January 24, 2013
English 10 Accelerated
The Powerful Techniques of King’s Speech
I have a dream. What do these four words mean to you? Do they inspire you to take action? “I Have a Dream” was delivered by Martin Luther King Jr. on August 28, 1963. It was a very compelling speech conveying his passion towards the black who suffered from the segregation in the United States. In the speech, King would call upon Americans to recognize the injustices of the nation and the discrimination that colored people faced. His speech received much recognition and was classified as a success. In order to achieve his success, he had to carefully plan out his thoughts with good ideas for people and use writing techniques such as metaphor, parallelism, and allusion.
From his enthusiastic delivery, to switching from reading a manuscript to speaking extemporaneously half way through the speech, to his extensive use of metaphors, Martin Luther King Jr. delivered “I Have a Dream” in brilliant fashion. King use of metaphors helped the reader’s understanding of the speech’s purpose. “This momentous decree came as a great beacon light of hope to millions of Negro slaves who had been seared in the flames of withering injustice...” was one of the examples that he uses as he referred to the condition of African Americans in the United States. Another example was “It came as joyous daybreak to end the long night of their captivity.” He describes it to be a joyous daybreak after many years of being slaves in America.
Throughout the speech, another scheme King uses frequently is parallelism, the strategy of repeating similar clauses, several times. Early in his speech, King writes “riches of freedom” and “security of justice” and then “justice rolls down like waters” and “righteousness like a mighty stream.” In these two examples, King is using parallelism to express that the African American wants justice and freedom by repeating them next to each other and mentally connecting them in the reader’s mind.
King first uses historical allusion by referring to Abraham Lincoln and how, “Five score years ago, a great American, in whose symbolic shadow we stand today, signed the Emancipation Proclamation.” Mentioning how Lincoln fought for Negros gives King authoritative appeal in his argument. This inspired people to fight against segregation, because it made people realize that respected historical figures had encouraged them to fight for themselves. King’s final sentences are also a mixture of historical and biblical allusion. He states that by fighting against segregation “we will be able to speed up the day when all of God’s children, black men and white men, Jews and Gentiles, Protestants and Catholics, will be able to join hands and sing in the words of the old Negro spiritual, ‘Free at last! Free at last! Thank God almighty, we are free at last!’” King states that by fighting against segregation, people will be able to unite factions of the human race that are notorious for fighting against one another. This is inspiring because it gives them yet another vivid image of unity.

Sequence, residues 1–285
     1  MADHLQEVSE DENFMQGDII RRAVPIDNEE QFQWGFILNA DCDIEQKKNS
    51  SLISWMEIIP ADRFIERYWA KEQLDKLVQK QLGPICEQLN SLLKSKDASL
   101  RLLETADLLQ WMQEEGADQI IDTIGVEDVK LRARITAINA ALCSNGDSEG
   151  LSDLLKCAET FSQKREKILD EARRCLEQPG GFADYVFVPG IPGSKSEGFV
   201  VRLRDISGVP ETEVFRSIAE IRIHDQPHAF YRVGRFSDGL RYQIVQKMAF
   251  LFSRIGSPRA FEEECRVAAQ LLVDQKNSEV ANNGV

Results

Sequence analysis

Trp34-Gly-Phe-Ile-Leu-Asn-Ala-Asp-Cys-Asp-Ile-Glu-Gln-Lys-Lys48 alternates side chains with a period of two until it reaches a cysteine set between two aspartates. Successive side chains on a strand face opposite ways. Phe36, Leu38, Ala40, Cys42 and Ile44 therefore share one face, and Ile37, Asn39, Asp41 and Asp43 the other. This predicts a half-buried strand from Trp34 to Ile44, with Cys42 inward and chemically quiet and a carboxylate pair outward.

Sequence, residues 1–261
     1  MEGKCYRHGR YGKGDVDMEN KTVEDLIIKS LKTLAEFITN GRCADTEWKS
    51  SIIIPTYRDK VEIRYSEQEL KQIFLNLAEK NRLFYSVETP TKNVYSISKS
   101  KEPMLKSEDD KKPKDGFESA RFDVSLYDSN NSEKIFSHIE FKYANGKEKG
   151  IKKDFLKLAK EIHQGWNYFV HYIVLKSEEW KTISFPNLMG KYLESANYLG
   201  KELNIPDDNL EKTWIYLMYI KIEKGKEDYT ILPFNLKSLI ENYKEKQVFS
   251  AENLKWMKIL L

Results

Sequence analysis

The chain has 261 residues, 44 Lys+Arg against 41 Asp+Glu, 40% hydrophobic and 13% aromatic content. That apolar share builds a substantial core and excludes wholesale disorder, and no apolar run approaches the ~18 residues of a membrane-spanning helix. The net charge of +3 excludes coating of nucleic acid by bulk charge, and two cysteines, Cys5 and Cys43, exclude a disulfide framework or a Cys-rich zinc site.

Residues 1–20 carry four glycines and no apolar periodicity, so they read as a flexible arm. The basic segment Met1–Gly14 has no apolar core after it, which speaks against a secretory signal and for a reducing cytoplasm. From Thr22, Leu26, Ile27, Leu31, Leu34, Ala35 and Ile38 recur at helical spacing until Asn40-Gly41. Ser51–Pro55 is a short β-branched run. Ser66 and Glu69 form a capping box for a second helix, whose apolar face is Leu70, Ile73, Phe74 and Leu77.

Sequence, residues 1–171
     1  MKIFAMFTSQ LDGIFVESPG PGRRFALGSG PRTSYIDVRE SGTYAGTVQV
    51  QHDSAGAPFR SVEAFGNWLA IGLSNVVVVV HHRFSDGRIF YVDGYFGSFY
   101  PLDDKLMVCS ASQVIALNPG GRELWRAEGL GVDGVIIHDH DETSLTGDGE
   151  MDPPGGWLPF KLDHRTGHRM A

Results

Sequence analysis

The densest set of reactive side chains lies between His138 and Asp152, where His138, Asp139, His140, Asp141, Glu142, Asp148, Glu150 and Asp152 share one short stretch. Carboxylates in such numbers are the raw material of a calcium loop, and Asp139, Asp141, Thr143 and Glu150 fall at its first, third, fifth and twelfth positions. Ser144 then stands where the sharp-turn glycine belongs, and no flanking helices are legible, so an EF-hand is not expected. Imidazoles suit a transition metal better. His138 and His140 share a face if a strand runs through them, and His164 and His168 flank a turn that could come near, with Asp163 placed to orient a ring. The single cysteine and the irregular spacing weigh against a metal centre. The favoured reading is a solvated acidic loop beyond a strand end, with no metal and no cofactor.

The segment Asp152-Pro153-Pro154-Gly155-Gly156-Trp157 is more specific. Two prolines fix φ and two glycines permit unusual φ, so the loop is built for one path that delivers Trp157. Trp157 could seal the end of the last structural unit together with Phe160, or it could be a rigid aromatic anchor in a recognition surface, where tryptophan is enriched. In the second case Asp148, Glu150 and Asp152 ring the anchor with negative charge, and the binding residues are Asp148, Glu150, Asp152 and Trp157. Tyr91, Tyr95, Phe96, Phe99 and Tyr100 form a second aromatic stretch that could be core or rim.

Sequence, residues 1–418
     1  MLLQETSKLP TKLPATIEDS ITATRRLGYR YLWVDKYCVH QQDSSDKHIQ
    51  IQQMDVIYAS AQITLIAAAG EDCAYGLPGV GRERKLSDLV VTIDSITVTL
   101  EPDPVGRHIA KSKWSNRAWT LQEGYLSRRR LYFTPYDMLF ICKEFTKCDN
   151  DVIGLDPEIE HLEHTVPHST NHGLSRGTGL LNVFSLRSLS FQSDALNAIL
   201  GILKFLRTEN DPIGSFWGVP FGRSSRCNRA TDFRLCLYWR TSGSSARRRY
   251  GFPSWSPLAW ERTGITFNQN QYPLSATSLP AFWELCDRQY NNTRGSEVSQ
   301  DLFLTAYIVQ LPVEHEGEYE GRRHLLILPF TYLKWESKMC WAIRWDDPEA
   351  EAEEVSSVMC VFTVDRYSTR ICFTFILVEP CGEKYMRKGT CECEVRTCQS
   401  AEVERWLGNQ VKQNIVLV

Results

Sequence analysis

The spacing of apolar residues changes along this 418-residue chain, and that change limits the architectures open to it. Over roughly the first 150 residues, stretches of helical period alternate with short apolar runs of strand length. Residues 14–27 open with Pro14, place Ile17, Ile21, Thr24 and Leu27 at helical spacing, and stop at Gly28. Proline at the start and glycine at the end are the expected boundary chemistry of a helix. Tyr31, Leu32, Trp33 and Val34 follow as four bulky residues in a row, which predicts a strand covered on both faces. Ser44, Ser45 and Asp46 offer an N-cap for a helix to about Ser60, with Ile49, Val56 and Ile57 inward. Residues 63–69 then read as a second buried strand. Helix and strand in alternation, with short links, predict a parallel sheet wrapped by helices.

The King uses powerful techniques that helped the audience understand better what the speech is about. Martin Luther King Jr. is recognized as one of the best speakers because of his use of stylistic techniques to enhance his speeches. King's "I Have a Dream" speech is one of the memorable speeches in the American history.